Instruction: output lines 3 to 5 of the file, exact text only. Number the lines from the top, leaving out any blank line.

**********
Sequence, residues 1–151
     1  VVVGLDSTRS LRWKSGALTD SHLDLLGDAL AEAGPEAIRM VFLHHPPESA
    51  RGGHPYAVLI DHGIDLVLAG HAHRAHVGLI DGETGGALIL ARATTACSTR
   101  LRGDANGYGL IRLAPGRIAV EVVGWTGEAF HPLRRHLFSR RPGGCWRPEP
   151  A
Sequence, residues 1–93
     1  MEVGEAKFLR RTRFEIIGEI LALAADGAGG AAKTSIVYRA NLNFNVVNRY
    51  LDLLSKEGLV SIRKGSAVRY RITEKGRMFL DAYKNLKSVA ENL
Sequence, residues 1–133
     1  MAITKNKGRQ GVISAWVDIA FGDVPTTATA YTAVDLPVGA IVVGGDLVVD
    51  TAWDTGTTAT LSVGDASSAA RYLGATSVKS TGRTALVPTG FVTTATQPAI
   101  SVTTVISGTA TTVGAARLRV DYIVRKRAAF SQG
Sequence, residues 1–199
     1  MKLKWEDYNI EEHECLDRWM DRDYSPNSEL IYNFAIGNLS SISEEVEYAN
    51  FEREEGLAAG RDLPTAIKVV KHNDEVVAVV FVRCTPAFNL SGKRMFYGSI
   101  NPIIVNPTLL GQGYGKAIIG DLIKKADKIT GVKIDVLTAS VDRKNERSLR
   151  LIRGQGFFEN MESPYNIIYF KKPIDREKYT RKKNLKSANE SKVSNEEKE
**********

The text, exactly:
    51  RGGHPYAVLI DHGIDLVLAG HAHRAHVGLI DGETGGALIL ARATTACSTR
   101  LRGDANGYGL IRLAPGRIAV EVVGWTGEAF HPLRRHLFSR RPGGCWRPEP
   151  A